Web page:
I had not encountered it before my mother told me of it some days after her interview. I read the whole poem the next day. In the verses, Toon van der Heever longs for his beloved fields… There he played as a child, there his little house awaits him, there the wind makes waves of the grass… Ah! It was as if every string inside me was suddenly plucked! I was that boy! I am that man! I wept as I read because I understood every word9.

October Interests and Inspirations

I thought I would include here some of the things that interested and inspired me during the month:

  • The House of Small Cubes (2008), an outstanding short animated film by Kunio Kato exploring the unstoppable advance of time;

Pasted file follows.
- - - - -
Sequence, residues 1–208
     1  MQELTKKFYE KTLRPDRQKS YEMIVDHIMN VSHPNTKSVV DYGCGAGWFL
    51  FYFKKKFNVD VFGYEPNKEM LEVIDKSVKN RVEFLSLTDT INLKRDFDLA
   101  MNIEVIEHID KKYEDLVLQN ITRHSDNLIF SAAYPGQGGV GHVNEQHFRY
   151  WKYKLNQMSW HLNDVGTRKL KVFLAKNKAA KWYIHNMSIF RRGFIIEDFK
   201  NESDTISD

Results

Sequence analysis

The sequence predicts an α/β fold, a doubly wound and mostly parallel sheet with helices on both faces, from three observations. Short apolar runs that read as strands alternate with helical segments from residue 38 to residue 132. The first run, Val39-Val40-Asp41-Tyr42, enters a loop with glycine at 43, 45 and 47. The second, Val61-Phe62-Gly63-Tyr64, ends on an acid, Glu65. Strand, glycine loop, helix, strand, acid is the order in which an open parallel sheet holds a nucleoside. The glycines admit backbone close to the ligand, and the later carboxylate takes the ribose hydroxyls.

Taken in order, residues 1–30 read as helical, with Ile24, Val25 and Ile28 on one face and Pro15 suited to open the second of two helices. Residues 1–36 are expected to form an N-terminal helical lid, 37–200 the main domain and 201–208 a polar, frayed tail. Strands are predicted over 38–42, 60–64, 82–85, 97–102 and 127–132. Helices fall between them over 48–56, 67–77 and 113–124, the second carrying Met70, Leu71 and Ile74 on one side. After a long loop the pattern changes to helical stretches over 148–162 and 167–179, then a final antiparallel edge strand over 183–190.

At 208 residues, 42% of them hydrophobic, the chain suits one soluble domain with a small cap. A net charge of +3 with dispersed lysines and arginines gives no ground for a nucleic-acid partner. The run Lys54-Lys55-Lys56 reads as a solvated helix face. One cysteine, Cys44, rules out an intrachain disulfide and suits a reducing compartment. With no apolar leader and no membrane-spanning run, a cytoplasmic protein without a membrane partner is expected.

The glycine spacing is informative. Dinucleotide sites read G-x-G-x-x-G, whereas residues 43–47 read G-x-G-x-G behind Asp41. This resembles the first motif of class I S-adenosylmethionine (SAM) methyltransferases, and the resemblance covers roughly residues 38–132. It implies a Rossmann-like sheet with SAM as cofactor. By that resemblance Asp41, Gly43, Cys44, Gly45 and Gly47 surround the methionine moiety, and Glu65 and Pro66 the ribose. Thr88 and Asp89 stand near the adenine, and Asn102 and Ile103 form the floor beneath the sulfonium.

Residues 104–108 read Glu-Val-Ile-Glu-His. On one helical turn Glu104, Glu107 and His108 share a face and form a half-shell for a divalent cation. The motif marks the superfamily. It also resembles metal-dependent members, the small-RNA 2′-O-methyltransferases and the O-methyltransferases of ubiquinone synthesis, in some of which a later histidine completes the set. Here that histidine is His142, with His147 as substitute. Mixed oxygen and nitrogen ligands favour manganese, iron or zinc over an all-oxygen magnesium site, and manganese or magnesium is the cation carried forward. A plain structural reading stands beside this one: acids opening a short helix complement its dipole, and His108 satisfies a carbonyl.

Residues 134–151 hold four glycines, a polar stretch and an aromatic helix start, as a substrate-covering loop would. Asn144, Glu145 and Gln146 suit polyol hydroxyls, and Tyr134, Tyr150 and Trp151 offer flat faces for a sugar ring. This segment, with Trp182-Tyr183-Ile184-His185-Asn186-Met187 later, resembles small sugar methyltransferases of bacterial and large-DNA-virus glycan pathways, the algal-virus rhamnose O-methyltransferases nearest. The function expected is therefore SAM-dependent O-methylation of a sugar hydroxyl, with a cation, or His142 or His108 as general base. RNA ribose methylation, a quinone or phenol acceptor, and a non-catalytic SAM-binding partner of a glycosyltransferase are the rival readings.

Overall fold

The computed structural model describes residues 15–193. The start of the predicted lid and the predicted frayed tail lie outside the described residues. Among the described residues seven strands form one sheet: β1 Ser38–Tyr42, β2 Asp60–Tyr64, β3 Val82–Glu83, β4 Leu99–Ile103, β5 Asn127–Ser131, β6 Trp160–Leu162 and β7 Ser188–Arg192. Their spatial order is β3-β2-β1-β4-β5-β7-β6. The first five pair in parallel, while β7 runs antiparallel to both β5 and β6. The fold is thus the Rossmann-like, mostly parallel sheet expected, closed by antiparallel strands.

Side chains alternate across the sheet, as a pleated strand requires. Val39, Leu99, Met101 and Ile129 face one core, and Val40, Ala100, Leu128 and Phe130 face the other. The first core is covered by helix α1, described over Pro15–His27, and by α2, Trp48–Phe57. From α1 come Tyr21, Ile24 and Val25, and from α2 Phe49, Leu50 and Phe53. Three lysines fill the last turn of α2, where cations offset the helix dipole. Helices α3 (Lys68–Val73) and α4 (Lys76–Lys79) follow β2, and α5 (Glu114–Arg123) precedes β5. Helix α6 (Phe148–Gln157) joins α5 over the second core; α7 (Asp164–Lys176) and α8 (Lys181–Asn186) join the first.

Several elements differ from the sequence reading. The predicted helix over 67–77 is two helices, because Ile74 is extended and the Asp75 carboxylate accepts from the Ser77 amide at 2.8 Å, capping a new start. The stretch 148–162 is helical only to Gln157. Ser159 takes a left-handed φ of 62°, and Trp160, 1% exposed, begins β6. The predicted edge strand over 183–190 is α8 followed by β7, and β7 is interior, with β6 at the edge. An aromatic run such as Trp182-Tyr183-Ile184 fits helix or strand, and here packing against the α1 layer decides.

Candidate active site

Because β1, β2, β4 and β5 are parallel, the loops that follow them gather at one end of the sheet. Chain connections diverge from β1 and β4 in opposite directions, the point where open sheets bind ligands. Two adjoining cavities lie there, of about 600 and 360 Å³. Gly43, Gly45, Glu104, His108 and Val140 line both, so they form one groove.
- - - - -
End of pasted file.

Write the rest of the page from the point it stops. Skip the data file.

• Calluna (2015) by Andrew Chalk and Tom James Scott, a delicate and meandering album with fleeting melodic fragments;
  • The term of venery “a loveliness of ladybirds”, which delighted me no end;
  • Carles Viarnes’ handwritten notation for his contemporary classical piano album Schematismus (2016) which I purchased; and
  • An insightful review by Doug Thomas of Origins by Affan, the inaugural release of Lonely Swallow, my micro label.

Footnotes

  1. I posted it first to Twitter here and the day after to other social media platforms.
  2. “This September”
  3. Babilonstoringberge is pronounced “bah-bee-lons-twuh-Ruh-ng-beR-guh” (the “o” in “or”, the “e” in “wet” and trilled “R”s).
  4. Kleinriviersberge is pronounced “clayn-Ruh-fee-Rs-beR-guh” (the “e” in “wet” and trilled “R”s).
  5. Under the aegis of a local wine farm, she owns a wine brand named after the hamlet in which we grew up and where I live now.